Gavin: What were some of the first reactions from friends and family to it when you started publishing them online, and what kind of reception did you receive from average comic fans?

Carter: I am saddened by the complete lack of hate mail I’ve received. I try very hard to be a horrible ass and people still manage to like my work. It’s incredibly frustrating not to be making people angry and filled with rage. The one exception I’m happy to say are the in-laws. Their solid disapproval of the comic and everything I stand for gives me the motivation and willpower to keep going that I so desperately crave.


Gavin: You've earned a cult following with zombie fans and have received a lot of exposure through major genre websites and postboards. How is it for you to have that kind of a following from fans?

Carter: Wait a second -- I have a CULT?!! That is awesome, I can’t wait to start abusing my power and start making up strange doctrine for my followers to do. Does that mean I don’t have to pay taxes, like churches? What am I saying? I don’t pay my taxes. That’s crazy talk. Wesley Snipes told me I don’t have to and it’s worked out well for him. Honestly, though, it’s pretty humbling to realize people take time out of their busy day to check out my nonsense. I didn’t realize they were my cult, though. This is going to be sweet.

Gavin: You've also earned a big following from online- and digital-comics fans. What's it been like for you earning that kind of respect from the online community, who are more prone to criticizing books than supporting them?

Carter: Well, I’m not entirely sure I’d say I’m respected. I’m pretty sure I’m just tolerated, really, with maybe a sprinkle of “Don’t look him in the eye and maybe he’ll go away” kind of attitude thrown in. When I’m looking for criticism, I hang out with my in-laws or channel the spirit of my ex-wife. Sometimes I thumb through the various restraining orders people have taken out on me and that keeps me humble.


Gavin: Do you have any major plans for the comic or the website, or are you liking things how they are?

Carter: Global domination is, of course, high on my list. I’m hoping to achieve this by putting out more books and eventually flash cartoons and games. If they ever make a movie based on my life, I’d like Brad Pitt to play me; not so much because I think I look like Brad Pitt -- I don’t -- but it will help me with my rich fantasy life, which involves Angelina Jolie to an alarming degree.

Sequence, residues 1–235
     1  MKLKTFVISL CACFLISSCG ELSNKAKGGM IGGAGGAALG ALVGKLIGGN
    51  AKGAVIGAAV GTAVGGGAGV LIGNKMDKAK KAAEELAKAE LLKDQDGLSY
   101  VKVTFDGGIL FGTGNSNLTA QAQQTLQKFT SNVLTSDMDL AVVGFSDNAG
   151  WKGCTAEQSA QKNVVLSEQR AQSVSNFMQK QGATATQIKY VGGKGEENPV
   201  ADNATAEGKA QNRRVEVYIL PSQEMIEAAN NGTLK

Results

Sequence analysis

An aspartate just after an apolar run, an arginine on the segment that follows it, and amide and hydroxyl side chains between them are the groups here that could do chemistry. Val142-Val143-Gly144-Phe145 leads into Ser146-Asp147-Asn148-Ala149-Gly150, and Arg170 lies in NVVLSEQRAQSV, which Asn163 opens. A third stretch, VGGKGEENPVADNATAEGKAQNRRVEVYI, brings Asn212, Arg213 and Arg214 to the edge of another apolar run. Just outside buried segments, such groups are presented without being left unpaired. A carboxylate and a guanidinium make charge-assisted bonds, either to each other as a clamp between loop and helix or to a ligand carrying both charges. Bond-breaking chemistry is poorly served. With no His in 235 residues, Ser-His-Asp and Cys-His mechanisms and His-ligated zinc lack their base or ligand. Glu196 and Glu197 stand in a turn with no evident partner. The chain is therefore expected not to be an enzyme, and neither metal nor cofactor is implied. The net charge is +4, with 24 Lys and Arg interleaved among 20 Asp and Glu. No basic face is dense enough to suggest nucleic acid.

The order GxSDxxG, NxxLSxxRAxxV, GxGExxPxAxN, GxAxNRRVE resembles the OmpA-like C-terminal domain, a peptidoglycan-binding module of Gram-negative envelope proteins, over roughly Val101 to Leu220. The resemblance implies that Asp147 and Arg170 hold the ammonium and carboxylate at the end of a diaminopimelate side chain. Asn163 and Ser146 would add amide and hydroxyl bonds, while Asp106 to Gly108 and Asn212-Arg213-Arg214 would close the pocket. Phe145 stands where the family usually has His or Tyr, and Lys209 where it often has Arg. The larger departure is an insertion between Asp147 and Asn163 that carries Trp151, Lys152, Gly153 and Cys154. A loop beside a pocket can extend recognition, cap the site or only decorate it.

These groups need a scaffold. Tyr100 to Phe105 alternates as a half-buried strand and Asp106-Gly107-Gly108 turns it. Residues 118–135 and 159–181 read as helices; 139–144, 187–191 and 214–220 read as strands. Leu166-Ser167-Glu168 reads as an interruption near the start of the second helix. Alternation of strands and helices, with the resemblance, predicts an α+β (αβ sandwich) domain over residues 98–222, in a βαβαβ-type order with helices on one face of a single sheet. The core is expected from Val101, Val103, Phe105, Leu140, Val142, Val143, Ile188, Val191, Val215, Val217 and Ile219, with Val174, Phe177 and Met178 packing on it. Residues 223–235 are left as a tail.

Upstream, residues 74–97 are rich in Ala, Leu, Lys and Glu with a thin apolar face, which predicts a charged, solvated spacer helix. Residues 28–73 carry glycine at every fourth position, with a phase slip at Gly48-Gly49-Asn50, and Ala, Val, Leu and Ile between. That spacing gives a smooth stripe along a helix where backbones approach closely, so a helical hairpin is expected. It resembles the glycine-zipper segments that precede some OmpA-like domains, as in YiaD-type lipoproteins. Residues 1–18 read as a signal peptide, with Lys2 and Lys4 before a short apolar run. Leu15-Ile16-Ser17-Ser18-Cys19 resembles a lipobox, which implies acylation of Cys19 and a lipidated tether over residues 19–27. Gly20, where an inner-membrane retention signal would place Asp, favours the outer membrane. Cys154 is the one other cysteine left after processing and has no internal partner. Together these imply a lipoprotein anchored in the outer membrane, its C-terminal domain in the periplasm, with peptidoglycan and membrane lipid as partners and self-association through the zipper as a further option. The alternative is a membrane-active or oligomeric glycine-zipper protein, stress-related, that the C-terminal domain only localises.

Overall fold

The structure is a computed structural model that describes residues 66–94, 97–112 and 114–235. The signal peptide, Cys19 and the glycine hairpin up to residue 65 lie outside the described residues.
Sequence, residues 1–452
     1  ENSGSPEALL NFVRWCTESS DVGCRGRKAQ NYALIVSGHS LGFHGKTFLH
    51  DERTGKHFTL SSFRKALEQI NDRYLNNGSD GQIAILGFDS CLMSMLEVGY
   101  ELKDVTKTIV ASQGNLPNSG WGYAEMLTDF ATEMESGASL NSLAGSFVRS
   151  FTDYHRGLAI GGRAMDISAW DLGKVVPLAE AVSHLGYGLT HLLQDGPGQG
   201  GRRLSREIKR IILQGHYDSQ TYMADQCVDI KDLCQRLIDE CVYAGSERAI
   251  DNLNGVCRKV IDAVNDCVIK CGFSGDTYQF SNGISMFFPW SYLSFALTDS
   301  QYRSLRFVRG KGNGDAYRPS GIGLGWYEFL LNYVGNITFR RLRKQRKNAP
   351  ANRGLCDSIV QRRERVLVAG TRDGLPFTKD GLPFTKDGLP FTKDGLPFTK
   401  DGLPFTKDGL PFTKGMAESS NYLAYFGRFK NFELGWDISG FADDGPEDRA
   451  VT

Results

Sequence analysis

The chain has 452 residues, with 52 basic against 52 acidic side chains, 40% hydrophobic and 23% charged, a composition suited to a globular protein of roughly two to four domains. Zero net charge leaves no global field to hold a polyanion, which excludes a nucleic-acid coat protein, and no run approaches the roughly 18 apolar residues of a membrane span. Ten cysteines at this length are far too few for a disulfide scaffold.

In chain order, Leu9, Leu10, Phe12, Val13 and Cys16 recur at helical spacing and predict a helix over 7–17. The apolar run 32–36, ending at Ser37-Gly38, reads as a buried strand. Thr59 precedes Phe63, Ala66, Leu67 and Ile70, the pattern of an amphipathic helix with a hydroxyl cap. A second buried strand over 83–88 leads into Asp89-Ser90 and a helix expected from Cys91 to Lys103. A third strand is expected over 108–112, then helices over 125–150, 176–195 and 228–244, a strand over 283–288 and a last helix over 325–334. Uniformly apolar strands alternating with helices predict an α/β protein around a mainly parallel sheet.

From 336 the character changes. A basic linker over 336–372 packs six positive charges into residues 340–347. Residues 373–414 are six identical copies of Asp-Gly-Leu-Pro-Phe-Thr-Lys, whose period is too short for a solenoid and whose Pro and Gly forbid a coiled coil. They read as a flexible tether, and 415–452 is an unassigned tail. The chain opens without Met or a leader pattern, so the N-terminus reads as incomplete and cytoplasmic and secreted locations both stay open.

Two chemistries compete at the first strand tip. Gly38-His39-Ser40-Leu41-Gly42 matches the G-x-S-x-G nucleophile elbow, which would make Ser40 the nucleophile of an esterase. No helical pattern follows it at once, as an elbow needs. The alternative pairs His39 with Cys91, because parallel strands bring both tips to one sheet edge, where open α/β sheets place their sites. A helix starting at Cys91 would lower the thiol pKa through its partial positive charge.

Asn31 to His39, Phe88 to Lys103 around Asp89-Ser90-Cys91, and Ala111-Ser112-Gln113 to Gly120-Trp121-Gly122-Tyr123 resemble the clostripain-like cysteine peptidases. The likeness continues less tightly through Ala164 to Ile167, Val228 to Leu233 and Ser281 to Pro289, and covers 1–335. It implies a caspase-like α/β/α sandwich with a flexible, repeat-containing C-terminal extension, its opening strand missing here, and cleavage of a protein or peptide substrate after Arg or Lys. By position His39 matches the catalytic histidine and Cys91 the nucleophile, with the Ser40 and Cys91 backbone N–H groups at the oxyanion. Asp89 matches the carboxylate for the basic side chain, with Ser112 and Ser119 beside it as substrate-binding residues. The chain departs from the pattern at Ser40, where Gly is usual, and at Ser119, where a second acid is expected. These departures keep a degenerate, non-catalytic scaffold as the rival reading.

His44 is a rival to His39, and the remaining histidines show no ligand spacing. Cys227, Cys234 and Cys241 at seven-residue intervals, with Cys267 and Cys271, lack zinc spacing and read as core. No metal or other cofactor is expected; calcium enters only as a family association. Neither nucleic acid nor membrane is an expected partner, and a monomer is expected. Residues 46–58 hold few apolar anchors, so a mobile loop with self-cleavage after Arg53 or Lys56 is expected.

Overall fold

Gavin: Going a bit local, what's your take on the Utah comics scene, both good and bad?

Carter: We live in a pretty conservative state, there’s no denying it. But I think we have the same proportion of nerds and geeks that other states do, so the comics scene seems to me to be the same here as anywhere. However, living here does give me the opportunity to joke about my many, many wives and massive amount of children. I find that very satisfying.


Gavin: Who are some local artists and writers you read and recommend others check out?

Carter: Utah does have an incredible amount of writers in it. I was shocked at how many were there at the “Life, The Universe and Everything” convention. Some that I would recommend, and have had the good fortune to become friends with, are David Butler and Brad Torgersen; both talented writers who I can’t recommend enough.

Gavin: Going more national, what are your thoughts on the comics industry today?

Carter: There’s a slow and inevitable shift toward digital media. I don’t think it will replace printed comics, as there is something about holding the comic in your hands that can’t be replaced. But digital comics are going to take a bite out of those sales, though. I’m in a weird position, as I have the comic all online but I’ll be printing compilations to sell to people. I’ll have to find interesting ways to add value to the print version for people to buy.


Gavin: If you had to make a top five, what are your most favorite comics currently out?

Carter: Penny ArcadePlayer Vs. PlayerChainsaw SuitThe Adventures of Dr. McNinja and Edmund Finney’s Quest To Find The Meaning Of Life.

Gavin: What can we expect from you and The Zombie Nation the rest of the year?

Carter: Oh, lots of manly stuff, of that you can be sure. Nope -- curling up in the fetal positions and weeping softly that I can’t take the pressure. You can rest assured about that.


Gavin: Aside from the obvious, is there anything you'd like to plug or promote?

Carter: There is, of course, me and my humble work on all things zombies and comics. Then, check out David Butler’s series Rock Band Fights Evil; I’ve been doing the covers of them and I love it. Brad Torgersen is a great sci-fi writer; you can check out his blog here. Also, for more of the incorporeal undead, check out Tom Carr at the Residual Hauntings Network because ghosts are scary and cool.